If they encounter a legal problem, many individuals and businesses without a lot of resources can’t afford to hire an attorney. A 2019 study from the State Bar of California found that only 32% of Californians had sought help for civil legal difficulties over the past year, in part due to the high cost of doing so.
That’s the issue Carlos Hernandez is aiming to address. In 2019, he launched a company called Crediverso to provide underserved communities in the U.S., starting with Hispanics, advice about credit cards, loans and money transfers. Now, he’s expanded into a new area: addressing what he calls “the justice gap” with a legal services platform called My Pocket Lawyer for consumers, small businesses and freelancers, launched in September. “For many people, hiring a lawyer is almost a luxury,” says Hernandez.
Cost isn’t the only hurdle to using a lawyer that people face. For some, there’s the fear of what might happen to them if they pursued legal action. Or they might lack access to legal help. According to Hernandez, 40% of counties in the U.S. are what he calls “legal deserts,” with one or no lawyers per 1,000 people.
How It Works
Users who have a question about, say, a rental contract, take a picture of the document and upload it to the platform, which then provides a summary of what it says in English or Spanish. They can also ask questions in their native language. In addition, there’s an overview of the questions people frequently ask lawyers, with answers. “A lot of people often just don’t know what to ask,” says Hernandez. “These are preemptive questions.” And the platform raises red flags when it encounters issues likely to cause problems. According to Hernandez, My Pocket Lawyer will reduce the need for an attorney in over 50% of cases.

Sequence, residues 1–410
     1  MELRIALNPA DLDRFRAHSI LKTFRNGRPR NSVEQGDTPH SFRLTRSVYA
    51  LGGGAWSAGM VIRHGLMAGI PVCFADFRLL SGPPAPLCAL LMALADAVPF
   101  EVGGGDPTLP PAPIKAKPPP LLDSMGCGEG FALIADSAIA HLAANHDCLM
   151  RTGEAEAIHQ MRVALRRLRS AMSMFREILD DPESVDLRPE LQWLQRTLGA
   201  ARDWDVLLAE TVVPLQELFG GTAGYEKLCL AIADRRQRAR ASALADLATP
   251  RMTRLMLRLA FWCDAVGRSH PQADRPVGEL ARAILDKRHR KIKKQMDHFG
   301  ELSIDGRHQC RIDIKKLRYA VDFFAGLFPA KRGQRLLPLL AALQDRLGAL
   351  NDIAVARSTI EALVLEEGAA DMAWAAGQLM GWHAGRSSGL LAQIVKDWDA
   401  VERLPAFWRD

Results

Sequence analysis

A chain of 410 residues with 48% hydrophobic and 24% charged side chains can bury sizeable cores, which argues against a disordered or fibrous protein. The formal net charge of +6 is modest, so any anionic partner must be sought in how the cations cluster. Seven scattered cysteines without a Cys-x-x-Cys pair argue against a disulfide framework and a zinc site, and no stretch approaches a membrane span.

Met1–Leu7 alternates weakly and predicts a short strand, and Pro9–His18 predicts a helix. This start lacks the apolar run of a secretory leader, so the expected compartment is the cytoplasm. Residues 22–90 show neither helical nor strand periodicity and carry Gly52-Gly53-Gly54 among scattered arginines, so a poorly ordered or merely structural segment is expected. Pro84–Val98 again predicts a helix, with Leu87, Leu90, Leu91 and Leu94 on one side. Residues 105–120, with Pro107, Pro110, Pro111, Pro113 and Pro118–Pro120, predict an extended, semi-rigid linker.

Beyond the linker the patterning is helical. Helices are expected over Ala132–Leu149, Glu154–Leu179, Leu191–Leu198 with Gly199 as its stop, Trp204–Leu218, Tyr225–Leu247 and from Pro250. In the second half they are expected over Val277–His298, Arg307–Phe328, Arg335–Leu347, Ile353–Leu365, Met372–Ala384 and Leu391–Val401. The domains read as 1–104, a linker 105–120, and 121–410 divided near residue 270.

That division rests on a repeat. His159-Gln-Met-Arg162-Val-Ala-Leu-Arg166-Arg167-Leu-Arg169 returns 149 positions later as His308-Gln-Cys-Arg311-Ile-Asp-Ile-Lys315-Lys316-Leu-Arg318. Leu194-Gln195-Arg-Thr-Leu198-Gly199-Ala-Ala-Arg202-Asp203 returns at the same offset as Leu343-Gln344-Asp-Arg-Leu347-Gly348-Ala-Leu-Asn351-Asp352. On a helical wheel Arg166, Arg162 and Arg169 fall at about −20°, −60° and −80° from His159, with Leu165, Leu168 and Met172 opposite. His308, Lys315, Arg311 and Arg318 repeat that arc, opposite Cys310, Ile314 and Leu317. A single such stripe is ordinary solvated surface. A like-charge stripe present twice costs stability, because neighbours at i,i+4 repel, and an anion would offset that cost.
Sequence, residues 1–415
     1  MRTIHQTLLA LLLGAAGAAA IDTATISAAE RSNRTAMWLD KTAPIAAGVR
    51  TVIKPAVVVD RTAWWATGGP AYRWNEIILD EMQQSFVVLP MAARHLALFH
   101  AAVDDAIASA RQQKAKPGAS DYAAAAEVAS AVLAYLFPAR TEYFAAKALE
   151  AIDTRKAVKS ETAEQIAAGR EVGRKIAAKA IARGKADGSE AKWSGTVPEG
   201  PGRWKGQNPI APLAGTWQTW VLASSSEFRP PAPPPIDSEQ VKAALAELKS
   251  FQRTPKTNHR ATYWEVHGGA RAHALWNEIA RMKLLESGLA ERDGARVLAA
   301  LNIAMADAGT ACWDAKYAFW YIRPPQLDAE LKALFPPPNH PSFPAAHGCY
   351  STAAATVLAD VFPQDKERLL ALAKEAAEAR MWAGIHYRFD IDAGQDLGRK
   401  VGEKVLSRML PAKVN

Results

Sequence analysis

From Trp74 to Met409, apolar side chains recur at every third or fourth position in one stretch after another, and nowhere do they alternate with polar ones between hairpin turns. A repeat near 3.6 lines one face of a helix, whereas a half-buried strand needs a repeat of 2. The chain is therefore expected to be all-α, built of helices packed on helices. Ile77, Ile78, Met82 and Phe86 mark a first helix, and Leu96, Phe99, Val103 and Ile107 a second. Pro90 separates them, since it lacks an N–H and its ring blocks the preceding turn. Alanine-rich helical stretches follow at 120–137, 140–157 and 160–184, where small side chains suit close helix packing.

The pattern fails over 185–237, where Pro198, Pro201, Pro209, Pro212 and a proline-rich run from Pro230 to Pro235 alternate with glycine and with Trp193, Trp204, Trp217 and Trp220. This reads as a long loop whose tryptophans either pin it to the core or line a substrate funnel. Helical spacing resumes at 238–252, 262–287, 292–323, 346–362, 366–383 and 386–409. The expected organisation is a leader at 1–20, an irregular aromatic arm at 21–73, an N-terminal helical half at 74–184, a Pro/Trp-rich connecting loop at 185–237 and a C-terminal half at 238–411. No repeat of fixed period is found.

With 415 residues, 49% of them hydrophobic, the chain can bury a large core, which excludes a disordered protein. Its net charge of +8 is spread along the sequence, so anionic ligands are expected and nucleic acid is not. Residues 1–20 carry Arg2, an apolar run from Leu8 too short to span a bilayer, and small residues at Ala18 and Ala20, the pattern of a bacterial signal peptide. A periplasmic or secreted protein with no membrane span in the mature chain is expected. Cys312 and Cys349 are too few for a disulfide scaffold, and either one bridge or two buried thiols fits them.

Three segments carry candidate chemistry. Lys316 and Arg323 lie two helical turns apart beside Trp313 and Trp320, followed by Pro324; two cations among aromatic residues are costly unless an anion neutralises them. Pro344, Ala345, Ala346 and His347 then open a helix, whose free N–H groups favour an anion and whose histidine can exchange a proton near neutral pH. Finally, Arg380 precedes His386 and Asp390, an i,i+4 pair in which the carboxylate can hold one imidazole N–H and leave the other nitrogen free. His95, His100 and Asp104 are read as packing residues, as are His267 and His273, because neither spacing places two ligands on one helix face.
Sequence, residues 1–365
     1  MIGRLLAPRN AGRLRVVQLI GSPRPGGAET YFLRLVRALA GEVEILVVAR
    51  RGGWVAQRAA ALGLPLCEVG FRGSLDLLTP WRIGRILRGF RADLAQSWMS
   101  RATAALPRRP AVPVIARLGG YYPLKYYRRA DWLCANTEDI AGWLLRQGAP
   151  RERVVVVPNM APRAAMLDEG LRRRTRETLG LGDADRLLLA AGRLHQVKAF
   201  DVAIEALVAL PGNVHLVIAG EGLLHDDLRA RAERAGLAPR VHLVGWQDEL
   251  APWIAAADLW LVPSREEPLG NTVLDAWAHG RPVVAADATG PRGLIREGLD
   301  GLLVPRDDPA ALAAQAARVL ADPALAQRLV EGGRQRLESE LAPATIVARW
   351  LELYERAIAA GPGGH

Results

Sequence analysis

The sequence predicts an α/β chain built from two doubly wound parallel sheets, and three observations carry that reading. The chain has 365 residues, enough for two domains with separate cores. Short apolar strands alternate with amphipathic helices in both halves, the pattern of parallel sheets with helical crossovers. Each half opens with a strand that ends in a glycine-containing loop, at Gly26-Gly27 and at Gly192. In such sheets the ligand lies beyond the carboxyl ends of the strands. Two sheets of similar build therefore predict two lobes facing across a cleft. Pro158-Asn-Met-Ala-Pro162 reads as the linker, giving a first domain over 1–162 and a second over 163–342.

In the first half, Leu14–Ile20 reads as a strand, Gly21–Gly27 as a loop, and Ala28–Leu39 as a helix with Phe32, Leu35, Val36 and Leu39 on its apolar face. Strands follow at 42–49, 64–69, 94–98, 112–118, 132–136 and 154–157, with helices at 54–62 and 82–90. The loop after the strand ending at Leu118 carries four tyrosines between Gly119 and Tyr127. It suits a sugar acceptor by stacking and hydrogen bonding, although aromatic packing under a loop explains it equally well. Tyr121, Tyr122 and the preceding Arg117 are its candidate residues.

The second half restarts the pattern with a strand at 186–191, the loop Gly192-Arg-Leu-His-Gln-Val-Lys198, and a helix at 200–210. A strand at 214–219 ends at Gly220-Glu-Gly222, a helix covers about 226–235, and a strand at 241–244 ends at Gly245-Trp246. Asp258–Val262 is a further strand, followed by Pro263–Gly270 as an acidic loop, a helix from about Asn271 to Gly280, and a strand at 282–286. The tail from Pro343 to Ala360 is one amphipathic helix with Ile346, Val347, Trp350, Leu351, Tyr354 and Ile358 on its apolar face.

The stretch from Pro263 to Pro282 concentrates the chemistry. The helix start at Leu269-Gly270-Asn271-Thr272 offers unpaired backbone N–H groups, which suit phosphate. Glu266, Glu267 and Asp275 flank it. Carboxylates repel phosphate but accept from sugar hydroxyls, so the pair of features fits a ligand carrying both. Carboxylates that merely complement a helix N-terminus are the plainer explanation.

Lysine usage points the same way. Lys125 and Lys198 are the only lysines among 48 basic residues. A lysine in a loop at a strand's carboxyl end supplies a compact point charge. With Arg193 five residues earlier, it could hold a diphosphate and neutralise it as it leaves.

Hernandez points to an actress who, before a recent audition, had to sign a contract giving the company the right to use footage without compensating her. “Now, every time she walks into an audition, she takes a photo of the contract, uploads it and the platform calls out red flags,” he says.
For now, the platform provides help understanding legal documents. “It’s the first step,” says Hernandez. But he also has technology that he plans to roll out soon to help users understand case law and regulations relevant to their situation. It’s a supplemental tool to use in collaboration with a lawyer. “We’re trying to arm people with legal information so they can empower themselves and have visibility into what their rights are and advocate for themselves when they’re able to,” he says.
Hernandez is also building a network of vetted attorneys for users who need more legal help than the platform can provide. It will include lawyers in a variety of key jurisdictions. And as issues arise—for example, if there’s an increase in Venezuelan immigrants in New York—he’ll add lawyers with expertise in the relevant law in that area, as well as the particular problems facing the population in question. The goal is to launch the network by the beginning of next year.
The tool is free for now, with revenue ultimately coming from partner attorneys on the platform. That model is based on Crediverso’s approach. Its three marketplaces help users find loans, credit cards and money transfer providers and participating companies pay a fee for business sent to them. Hernandez won’t provide the number of users, but says, “We’ve helped a lot of people in the time it’s been around.”
Crediverso recently raised $3.5 million in pre-series A funding. That brings total funding to a total of $6.6 million.